Fusion Science and Technology / Volume 41 / Number 3P2 / May 2002 / Pages 602-606
Device, Facility, and Operation / Proceedings of the Sixth International Conference on Tritium Science and Technology Tsukuba, Japan November 12-16, 2001 / dx.doi.org/10.13182/FST02-A22659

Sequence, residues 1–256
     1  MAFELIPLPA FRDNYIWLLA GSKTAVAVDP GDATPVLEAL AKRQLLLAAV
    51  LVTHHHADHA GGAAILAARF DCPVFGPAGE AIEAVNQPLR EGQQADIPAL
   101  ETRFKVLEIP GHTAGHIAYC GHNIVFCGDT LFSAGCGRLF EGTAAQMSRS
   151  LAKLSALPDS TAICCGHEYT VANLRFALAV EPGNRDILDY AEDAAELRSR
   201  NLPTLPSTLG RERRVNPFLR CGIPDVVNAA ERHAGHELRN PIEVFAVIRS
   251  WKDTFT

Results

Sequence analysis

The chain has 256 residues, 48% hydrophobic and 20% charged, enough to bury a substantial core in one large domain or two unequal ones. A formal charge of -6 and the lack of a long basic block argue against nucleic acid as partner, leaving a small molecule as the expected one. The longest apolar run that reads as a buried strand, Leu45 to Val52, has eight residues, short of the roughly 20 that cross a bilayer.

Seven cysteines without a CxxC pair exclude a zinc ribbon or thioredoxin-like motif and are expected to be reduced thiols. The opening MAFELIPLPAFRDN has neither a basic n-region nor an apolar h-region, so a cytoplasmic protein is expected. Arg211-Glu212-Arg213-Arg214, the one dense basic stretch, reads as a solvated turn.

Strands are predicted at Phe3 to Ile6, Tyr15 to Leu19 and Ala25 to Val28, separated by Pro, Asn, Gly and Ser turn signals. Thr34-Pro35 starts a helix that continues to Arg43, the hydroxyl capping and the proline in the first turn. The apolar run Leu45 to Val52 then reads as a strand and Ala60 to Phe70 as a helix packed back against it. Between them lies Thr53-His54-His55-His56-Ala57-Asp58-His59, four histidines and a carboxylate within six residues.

The tritium inventory of an experimental fusion reactor like ITER is determined by a broad range of influential factors. The tritium retention in the vacuum system is one important contribution to the overall tritium inventory. The high vacuum system for ITER is based on a set of cryogenic pumps, and sees the whole spectrum of tritiated gas species. The cryopumps are accumulation pumps; thus, the semi-permanent tritium inventory present in them is governed by the effectiveness of pump regeneration. Moreover, a permanent inventory background must also be envisaged. This paper delineates the staggered pump concept and a multi-stage regeneration scheme as main measures for step-wise minimisation of the tritium inventory in the high vacuum pump system and outlines the different contributions which add to it. By these methods, the 268 g of tritium inventory present after nominal long pulse operation of ITER, depending on the chosen fuelling case, can be reduced to 6 g in the pumps themselves, plus up to 100 g of codeposited tritium needing recovery clean-up.